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Is Craft Hard Seltzer Here to Stay?

As Portland enters Day 3 of an unprecedented heatwave featuring 107+ degree temps, should we be asking ourselves, why not have a Hard Seltzer?

I pose this question with the assumption that many of us still aren’t on the Seltzer Train, as many beer nerds and brewers find them to be quite a divisive substance. As such, I have to come clean with my own experience with the latest aberration in the craft landscape.

My general feeling is that ultra clear, naturally flavored, mass-produced, and otherwise vapid Hard Seltzers mostly suck. I’ve had many of the versions created for the low-carb, price conscientious consumer and it’s just not palatable to me. While some of these offerings far pre-date the pandemic (my first White Claw had to be over 4 years ago) their popularity exploded with the increase in grocery-focused alcohol purchases during it.

What’s transpired over the past year shouldn’t be a surprise to anyone closely following craft beer trends of late. On top of that, we’ve seen the continued popularity of fruit-forward and over-fruited “smoothie” beers, resulting in a confluence of two post-BJCP styles. Brewers saw an opportunity to make a sub-par product better (see Industrial Adjunct Lagers) by making hard seltzers with actual fruit and quality ingredients, as well as smoothie seltzers: pulp forward hard seltzers, sometimes with vanilla and/or lactose. As for that latter incarnation I’ve tried? They’re actually pretty tasty.

So it begs the question, can breweries who’ve carved out their own niche with packaged, craft versions of hard seltzer sustain interest versus Big Seltzer? Further, as the overall craft beer segment’s sales swing back toward draft, can craft hard seltzer continue to grow?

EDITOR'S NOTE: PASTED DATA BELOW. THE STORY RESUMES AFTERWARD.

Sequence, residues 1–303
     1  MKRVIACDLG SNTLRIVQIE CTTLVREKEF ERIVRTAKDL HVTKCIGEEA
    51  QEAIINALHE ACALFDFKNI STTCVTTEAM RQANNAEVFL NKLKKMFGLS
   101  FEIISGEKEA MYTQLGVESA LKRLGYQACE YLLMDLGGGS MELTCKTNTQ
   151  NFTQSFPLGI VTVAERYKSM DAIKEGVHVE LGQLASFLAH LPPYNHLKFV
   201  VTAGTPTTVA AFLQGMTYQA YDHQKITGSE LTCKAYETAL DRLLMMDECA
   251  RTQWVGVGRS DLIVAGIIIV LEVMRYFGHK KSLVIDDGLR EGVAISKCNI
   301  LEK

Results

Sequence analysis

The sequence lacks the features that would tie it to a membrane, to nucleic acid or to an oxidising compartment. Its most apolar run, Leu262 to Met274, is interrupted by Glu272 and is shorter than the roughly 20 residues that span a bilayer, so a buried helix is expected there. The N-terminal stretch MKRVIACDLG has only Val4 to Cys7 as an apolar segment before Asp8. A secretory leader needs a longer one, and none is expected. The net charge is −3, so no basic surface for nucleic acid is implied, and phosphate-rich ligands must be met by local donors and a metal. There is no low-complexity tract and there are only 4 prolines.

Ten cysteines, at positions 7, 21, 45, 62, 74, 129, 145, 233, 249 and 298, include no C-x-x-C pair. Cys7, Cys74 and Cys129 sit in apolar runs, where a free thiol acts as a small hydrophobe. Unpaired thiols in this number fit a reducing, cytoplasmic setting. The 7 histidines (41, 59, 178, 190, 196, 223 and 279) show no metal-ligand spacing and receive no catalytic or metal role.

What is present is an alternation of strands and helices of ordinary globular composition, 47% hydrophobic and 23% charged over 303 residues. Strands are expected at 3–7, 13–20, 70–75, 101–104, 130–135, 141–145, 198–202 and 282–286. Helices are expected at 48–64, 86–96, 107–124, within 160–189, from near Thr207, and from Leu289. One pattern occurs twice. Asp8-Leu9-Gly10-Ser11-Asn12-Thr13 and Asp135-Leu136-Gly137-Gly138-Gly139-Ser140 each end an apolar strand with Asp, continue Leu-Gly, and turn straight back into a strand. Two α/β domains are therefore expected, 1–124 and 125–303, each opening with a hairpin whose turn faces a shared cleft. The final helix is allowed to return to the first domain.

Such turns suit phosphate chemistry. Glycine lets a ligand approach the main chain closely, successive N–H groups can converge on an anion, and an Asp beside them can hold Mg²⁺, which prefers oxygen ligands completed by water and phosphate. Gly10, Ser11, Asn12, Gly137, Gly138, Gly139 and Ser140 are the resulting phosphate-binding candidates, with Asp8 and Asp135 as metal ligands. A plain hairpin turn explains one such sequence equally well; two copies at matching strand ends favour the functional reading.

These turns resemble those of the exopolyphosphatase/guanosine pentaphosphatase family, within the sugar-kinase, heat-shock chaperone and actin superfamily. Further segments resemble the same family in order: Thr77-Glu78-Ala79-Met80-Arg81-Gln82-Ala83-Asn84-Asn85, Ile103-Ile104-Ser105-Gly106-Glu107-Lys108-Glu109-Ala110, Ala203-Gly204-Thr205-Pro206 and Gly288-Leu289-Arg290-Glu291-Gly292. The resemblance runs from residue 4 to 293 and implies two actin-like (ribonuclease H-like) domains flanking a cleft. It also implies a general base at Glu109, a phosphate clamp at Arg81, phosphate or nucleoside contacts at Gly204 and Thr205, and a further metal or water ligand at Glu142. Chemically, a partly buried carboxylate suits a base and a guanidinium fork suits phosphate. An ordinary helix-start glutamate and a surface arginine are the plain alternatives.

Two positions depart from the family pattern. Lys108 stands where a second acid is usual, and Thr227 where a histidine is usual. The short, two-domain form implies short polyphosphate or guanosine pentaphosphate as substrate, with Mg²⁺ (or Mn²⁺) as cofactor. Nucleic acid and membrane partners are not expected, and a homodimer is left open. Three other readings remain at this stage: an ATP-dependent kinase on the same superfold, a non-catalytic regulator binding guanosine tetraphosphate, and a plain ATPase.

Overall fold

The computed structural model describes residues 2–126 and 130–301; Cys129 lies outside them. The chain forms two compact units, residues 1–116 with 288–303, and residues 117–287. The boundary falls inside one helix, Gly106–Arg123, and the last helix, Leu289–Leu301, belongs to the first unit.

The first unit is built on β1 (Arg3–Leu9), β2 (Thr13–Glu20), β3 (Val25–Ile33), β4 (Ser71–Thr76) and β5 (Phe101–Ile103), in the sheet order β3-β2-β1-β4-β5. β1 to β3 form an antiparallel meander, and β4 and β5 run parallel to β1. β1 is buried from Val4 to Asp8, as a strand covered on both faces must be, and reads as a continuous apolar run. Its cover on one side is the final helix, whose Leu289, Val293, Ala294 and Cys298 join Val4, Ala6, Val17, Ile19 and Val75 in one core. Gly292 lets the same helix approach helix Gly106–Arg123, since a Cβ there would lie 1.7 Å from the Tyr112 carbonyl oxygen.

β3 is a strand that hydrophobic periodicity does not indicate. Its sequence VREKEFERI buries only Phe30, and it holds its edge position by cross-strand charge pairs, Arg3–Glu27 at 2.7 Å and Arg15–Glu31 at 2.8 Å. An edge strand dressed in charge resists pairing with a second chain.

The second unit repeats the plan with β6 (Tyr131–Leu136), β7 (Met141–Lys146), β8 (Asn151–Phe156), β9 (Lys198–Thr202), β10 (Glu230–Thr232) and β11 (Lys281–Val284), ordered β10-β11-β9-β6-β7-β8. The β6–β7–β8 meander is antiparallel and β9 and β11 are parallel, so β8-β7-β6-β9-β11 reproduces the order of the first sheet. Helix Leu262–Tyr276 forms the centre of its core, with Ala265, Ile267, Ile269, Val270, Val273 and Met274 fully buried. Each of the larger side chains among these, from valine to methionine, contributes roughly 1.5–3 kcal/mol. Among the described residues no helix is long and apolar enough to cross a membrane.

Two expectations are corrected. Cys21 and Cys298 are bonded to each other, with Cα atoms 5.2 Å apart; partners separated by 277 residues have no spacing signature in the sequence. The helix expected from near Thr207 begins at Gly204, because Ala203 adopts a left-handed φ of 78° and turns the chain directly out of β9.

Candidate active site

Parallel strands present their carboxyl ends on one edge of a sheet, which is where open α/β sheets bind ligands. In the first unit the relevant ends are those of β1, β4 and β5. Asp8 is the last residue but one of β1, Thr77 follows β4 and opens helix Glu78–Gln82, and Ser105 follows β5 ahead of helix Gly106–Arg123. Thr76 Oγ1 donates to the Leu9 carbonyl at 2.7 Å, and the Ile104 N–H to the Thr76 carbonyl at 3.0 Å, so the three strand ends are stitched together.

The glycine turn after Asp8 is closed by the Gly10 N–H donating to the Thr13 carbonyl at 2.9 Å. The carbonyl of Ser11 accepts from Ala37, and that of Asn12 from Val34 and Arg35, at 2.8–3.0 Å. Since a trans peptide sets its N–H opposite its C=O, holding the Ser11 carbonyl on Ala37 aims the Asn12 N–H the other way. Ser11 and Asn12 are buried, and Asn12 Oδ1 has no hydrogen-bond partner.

The Sub-Brand Seltzer

The impetus for taking on a subject I never thought I’d be writing about here was Jeff Alworth’s recent take on the “Middle Market.” In short, his article examines how both AB-InBev and craft brands, with the exception of Sierra Nevada, have struggled to maintain volume and quality on a national scale. A number of times, he alludes to large industrial brewers resorting to hard seltzer and FMBs (Fermented Malt Beverages) to sustain and grow.

This got me thinking about all the regional and national craft (and “crafty” brands) that have taken on hard seltzer over the past few years. And it’s only been over the past few months that I’ve become aware of some of these brands, likely because most are made under a separate name as a hard seltzer brand, not a hard seltzer style with beer branding. I primarily purchase beer at bottle shops, so it’s rare for me to walk down the beer isle when grocery shopping, much less what’s become a dedicated seltzer section.

Most of The Bier Stein’s Hard Seltzer selection found this weekend in Eugene

Did you know that Ninkasi has had their own seltzer line called Pacific Sparkling for over 2 years now? I sure as shit didn’t. Not to mention Deschutes off-shoot Modified Theory, Day Fade by No-Li Brewhouse, White Water by Great Divide, Fruitfizz by Reuben’s Brews, Bandwagon by Immersion, SeekOut by 2 Towns Cider, Hard Sisters Seltzer by Three Creeks, Fruit Stuff by Stillwater Artisanal, plus quite a few others throughout the west coast and across the country.

While it seems a shrewd move by existing medium sized breweries catering to a regional audience, they’re also competing against unknown upstarts that focus solely on hard seltzer. I find it intriguing just how many breweries have opted to create a new brand as they move into the category, likely to ensure placement in the hard seltzer section, but also to avoid turning off devoted consumers of their everyday beers.

The Next Wave: Smoothie Seltzers

Not long after the pandemic forced breweries to pivot into a new reality, brewers such as HOMES Brewery in Ann Arbor, Michigan began franken-brewing a new idea. Take the popularity of hard seltzers and mash them up with the latest fad of over-fruited smoothie beers, resulting in Smoothie Seltzers. HOMES secondary brand, called Troobado, makes Smooj which has fast become the 6th highest rated brand on untappd.

With smoothie sours only being made by a handful for brewers in the PNW and the seltzer craze more pursued by larger brewers, it’s no surprise that this phenomena has yet to really take root in our region. Yet it’s booming in the mid-west with regular releases coming out of Fair State Brewing Cooperative in Minneapolis (Fruit Boom), Eagle Park Brewing in Milwaukee, “Puréental Advisory” by Mikerphone Brewing outside of Chicago, Untitled Art’s line of Florida Seltzers out of the Madison Wisconsin area, plus a few out west such as Alvarado Street’s Bubble Bath series and Yakima’s Hop Capital Brewing.